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SOURCE: THE PRINT

China has withdrawn nearly 10,000 troops from depth areas on its side of the Line of Actual Control (LAC), over 100 kilometres from the southern banks of the Pangong Tso in eastern Ladakh, even as their frontline soldiers remain locked in a standoff with the Indian Army.

Sources in the defence and security establishment said the withdrawal has taken place over the past few weeks from the traditional training areas of China, which are over 100 kilometres from the LAC.

China is likely to have taken the step because of the extreme cold conditions in eastern Ladakh, where the temperatures have dropped into sub-zero territory.

The sources stressed that the move cannot be seen as de-escalation from the Chinese side. They pointed out that the frontline troops remain in place without any decrease in numbers.

Earlier, India had also carried out a thinning-down of troops by withdrawing soldiers who were rushed in as reserves when the standoff with China began early May. Meanwhile, India continues to maintain a considerable strength of troops in the area.

The steps were taken as part of the winter logistics arrangement. The troops are expected to be sent back to Ladakh during the summer.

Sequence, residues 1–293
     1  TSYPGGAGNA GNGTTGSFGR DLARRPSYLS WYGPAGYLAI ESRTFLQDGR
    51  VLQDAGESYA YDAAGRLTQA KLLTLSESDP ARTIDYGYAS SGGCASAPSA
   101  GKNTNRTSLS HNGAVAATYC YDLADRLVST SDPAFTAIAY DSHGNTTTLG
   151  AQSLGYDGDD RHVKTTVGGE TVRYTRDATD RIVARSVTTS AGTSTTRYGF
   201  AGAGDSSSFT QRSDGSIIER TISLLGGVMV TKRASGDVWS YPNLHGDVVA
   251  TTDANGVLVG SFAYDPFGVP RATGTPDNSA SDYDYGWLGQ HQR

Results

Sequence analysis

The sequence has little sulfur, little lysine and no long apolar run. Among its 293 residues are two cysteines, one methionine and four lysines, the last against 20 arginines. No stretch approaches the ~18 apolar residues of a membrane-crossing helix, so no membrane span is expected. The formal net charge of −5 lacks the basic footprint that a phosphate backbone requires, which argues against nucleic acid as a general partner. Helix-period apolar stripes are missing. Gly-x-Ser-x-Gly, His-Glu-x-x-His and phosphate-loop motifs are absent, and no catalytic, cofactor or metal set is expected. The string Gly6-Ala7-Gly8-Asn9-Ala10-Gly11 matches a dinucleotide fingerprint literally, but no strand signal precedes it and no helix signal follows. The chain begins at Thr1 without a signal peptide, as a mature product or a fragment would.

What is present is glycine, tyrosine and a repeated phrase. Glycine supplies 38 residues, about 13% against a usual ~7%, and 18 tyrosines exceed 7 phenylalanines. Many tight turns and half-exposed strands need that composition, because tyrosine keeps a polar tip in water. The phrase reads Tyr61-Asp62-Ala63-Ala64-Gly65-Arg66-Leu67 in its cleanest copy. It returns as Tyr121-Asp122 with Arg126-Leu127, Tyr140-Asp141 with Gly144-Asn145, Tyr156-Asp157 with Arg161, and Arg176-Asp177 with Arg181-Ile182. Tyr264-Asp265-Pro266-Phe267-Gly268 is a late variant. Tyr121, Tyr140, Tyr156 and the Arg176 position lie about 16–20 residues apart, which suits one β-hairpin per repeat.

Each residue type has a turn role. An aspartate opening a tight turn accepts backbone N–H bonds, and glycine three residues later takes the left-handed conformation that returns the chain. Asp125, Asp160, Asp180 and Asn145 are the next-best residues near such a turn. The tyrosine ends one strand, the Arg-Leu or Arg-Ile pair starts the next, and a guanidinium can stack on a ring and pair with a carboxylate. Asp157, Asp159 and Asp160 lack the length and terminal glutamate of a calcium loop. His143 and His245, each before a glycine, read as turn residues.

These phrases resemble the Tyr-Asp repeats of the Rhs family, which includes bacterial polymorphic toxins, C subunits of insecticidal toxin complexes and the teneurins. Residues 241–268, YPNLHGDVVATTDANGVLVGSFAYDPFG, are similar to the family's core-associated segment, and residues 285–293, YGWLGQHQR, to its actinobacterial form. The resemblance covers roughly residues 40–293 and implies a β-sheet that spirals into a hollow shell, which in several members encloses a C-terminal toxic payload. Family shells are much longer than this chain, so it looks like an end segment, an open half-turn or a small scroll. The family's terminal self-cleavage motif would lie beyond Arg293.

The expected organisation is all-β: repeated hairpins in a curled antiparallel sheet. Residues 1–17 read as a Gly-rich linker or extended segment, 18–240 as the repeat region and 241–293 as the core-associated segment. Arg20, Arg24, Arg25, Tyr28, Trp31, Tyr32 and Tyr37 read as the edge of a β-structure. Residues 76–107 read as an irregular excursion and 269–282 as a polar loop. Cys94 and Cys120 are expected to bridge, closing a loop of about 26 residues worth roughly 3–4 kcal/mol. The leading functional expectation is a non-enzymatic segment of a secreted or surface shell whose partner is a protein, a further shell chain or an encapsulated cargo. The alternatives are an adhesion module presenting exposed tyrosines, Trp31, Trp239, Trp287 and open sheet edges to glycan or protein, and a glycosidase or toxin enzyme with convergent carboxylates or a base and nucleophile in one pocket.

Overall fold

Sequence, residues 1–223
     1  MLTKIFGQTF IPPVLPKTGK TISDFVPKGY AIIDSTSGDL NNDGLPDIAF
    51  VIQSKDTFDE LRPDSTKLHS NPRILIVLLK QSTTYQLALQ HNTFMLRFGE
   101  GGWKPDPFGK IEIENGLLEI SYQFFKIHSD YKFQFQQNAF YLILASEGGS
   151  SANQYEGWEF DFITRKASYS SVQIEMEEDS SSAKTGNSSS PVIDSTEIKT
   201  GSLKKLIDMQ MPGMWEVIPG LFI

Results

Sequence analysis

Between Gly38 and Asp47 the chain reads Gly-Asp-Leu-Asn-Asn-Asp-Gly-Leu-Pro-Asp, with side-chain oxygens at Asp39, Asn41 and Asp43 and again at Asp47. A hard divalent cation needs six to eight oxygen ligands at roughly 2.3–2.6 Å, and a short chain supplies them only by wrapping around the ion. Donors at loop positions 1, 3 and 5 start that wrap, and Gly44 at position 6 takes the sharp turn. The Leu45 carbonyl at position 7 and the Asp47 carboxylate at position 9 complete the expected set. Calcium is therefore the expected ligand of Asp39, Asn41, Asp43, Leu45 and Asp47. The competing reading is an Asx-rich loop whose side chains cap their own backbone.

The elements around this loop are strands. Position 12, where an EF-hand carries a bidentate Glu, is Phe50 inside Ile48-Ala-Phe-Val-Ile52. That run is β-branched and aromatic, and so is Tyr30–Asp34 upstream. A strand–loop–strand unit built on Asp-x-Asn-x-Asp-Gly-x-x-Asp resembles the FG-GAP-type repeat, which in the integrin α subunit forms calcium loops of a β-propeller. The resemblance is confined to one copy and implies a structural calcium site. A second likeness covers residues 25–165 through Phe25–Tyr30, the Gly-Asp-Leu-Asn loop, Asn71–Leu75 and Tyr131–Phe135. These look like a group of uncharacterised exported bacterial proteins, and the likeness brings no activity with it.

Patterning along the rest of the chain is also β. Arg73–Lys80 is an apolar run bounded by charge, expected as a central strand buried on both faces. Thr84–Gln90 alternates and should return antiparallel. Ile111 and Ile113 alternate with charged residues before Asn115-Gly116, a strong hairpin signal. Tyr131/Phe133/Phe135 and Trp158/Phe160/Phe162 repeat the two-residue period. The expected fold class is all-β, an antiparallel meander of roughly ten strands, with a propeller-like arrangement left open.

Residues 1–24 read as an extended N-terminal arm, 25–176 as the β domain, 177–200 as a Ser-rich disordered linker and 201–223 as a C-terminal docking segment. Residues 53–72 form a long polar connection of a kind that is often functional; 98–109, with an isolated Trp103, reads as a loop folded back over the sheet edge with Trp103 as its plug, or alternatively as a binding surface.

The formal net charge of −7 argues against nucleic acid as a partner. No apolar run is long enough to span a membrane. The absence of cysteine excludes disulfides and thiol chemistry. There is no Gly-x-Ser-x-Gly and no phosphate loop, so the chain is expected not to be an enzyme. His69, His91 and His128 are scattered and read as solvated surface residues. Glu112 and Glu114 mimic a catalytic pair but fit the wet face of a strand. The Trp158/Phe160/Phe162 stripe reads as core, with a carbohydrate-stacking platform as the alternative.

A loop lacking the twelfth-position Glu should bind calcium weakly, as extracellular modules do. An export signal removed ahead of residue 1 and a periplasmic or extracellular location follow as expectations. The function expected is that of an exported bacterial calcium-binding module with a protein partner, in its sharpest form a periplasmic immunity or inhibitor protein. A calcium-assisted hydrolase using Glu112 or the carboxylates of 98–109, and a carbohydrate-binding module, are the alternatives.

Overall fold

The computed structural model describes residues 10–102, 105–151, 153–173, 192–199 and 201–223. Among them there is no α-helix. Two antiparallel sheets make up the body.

Cold takes a toll
Such is the weather in eastern Ladakh right now that the Pangong Tso has frozen over, as has the Galwan lake, which was the scene of a bloody clash between the two sides on 15 June.

While Indian troops have the experience of high-altitude deployment, it is the first time that Chinese soldiers have been deployed at such heights during the winter.

According to sources, India’s casualty figures due to the extreme cold in eastern Ladakh is within accepted norms, but the situation for the Chinese is more difficult as they are conducting frequent rotations of troops — much faster than is being done on the Indian side.

This, the sources said, meant Chinese soldiers are not being able to endure the extreme heights and winter.

Indian soldiers, meanwhile, are relying on a faster rotation of troops, along with round-the-clock medical support and standard operating procedures backed by years of experience of high-altitude deployment to remain fighting fit amid the cold winter.

India and China had initially deployed close to 50,000 troops each along the LAC when the tensions began.

Since then, a number of key decisions have been taken, including the creation of a separate artillery brigade for the Mountain Strike Corps, besides the dual-tasking of the Mathura-based 1 Corps, which was initially a Strike Corps aimed at Pakistan.